for a fatal heart attack or stroke. Indeed, untreated
periodontitis may be as significant a risk factor for heart
disease as elevated cholesterol!
other studies, pregnant women with untreated periodontal
disease were much more likely to have preterm babies with
low-birth-weights than were a control group of pregnant
women without the disease. Some very exciting preliminary
findings have suggested that this risk can be reduced if the
periodontal disease is treated. Other studies have suggested
that treating periodontal disease can have a positive impact
on the ability of those with diabetes to maintain proper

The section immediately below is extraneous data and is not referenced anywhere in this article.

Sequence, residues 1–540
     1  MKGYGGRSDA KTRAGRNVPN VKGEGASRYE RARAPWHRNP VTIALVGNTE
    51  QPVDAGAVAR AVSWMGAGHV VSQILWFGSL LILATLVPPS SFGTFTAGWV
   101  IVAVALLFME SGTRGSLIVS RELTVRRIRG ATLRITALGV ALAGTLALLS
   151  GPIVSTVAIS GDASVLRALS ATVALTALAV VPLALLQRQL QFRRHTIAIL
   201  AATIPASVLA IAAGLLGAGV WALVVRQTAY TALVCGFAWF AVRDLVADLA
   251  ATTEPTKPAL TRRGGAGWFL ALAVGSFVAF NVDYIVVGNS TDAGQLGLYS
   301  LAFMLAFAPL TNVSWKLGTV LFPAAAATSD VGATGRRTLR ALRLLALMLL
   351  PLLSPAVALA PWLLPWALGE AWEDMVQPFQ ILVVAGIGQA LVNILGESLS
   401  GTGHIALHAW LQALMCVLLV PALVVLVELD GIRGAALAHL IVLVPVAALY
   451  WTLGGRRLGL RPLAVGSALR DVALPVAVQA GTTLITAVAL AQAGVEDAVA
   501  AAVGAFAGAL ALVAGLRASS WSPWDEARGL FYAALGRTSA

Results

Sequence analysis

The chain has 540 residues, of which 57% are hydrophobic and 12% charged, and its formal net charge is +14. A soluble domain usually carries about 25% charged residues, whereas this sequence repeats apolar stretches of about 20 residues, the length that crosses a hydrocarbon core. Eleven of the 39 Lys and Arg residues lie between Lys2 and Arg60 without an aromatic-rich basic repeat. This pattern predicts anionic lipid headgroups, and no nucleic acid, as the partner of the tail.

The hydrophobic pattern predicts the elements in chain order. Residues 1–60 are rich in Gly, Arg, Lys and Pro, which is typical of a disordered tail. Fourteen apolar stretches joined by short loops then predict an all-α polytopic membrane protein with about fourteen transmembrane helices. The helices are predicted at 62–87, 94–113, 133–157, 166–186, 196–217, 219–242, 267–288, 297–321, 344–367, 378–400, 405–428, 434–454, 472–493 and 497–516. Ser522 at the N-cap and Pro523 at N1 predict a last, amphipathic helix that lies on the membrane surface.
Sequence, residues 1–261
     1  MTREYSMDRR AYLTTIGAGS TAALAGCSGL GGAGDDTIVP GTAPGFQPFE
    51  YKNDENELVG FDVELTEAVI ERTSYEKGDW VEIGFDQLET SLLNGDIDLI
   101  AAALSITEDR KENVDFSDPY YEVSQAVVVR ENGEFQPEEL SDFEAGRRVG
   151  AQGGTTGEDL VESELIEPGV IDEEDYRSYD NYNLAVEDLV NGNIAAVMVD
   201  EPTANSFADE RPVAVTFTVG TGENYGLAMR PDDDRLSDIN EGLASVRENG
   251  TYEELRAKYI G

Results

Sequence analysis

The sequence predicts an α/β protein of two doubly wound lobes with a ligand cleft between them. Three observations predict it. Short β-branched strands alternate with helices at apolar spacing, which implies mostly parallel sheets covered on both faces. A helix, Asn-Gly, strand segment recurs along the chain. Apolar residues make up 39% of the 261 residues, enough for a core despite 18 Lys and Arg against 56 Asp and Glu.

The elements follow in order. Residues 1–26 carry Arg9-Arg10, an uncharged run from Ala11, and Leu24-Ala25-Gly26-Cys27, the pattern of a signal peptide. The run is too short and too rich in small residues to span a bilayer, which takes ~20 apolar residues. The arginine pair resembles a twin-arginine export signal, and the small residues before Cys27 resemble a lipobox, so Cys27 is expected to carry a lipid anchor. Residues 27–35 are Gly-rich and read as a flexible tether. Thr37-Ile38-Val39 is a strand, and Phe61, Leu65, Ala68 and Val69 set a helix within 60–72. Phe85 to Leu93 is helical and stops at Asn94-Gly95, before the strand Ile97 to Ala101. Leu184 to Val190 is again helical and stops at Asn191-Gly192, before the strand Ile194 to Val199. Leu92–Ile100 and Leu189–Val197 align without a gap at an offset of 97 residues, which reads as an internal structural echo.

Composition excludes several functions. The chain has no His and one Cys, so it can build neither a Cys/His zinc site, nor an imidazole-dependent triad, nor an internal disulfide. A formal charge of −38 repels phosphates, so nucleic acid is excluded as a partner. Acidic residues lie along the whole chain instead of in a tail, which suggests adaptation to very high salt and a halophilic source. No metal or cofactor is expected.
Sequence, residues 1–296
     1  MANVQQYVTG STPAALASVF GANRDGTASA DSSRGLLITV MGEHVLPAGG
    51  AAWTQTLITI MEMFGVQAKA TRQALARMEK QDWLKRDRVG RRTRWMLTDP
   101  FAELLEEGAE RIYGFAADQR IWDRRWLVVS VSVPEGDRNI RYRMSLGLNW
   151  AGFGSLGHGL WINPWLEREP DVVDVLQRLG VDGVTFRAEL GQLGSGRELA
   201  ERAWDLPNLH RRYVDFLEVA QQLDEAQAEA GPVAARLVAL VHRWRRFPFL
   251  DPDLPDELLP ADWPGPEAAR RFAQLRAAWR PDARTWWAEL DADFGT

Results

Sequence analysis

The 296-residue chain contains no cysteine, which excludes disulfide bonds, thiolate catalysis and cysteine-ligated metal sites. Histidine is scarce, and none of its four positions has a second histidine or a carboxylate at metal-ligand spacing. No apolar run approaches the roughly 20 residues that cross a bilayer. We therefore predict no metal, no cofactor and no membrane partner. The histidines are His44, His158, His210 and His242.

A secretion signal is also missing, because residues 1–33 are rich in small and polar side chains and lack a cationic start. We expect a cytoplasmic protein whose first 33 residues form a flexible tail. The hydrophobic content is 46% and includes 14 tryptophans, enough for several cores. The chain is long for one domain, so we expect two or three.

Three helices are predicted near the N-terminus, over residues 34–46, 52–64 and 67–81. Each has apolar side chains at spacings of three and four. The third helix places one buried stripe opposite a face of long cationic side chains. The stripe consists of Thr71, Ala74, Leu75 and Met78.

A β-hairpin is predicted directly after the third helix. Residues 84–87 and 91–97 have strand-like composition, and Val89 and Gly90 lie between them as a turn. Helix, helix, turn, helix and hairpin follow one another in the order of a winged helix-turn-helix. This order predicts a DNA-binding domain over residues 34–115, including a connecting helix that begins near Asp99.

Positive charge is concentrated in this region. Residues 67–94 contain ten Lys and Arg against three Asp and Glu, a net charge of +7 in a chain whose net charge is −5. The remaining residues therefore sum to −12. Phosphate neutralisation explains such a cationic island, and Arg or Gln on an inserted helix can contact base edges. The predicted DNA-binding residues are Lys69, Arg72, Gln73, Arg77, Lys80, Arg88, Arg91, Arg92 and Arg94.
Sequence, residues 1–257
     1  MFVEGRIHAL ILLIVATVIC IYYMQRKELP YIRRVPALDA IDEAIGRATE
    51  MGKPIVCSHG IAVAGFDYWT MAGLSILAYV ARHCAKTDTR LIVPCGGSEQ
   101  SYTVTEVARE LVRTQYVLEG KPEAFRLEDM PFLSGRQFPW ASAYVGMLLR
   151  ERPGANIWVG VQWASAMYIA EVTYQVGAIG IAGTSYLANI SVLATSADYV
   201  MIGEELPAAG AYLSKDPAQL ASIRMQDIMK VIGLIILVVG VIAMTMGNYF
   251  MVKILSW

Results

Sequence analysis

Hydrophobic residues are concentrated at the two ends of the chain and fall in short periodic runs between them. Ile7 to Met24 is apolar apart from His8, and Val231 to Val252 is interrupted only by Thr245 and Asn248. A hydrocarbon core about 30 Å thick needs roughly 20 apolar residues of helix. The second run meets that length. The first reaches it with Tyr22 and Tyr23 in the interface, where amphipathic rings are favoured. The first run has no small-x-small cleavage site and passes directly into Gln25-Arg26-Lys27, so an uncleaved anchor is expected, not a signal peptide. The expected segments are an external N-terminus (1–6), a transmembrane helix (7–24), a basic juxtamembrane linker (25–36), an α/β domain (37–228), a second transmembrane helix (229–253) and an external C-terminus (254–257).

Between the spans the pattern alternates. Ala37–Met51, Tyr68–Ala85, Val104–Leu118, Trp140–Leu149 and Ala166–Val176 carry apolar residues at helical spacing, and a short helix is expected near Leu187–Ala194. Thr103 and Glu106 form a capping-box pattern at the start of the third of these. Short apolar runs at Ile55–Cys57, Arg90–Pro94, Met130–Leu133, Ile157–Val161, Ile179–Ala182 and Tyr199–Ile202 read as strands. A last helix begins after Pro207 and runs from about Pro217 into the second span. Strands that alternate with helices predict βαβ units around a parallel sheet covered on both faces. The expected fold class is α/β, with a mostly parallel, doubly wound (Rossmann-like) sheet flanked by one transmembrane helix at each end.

blood sugar levels.
stated in the 2000 U.S. Surgeon General's Report on Oral
Health, all of these findings suggest that, in order to
maintain optimum general health, you should also maintain
optimum health of your teeth and gums.
treatments for adult periodontitis focus primarily on
reducing the number of bacteria on the surface of your
teeth. For example, your dental professional is likely to
perform SRP (scaling and root planing). This is an important
part of your treatment because periodontal disease begins
with a bacterial infection on the tooth surface, and by
reducing the number of bacteria, the symptoms of
periodontitis such as bleeding can be reduced.
research has shown that it is also important to suppress
your body's overproduction of gum- and tissue-destroying
enzymes. That's where Periostat® comes in. It is the first
and only medication that works by reducing the activity of
the enzymes that destroy tooth and gum tissue. Periostat®
is available only by prescription from your dentist or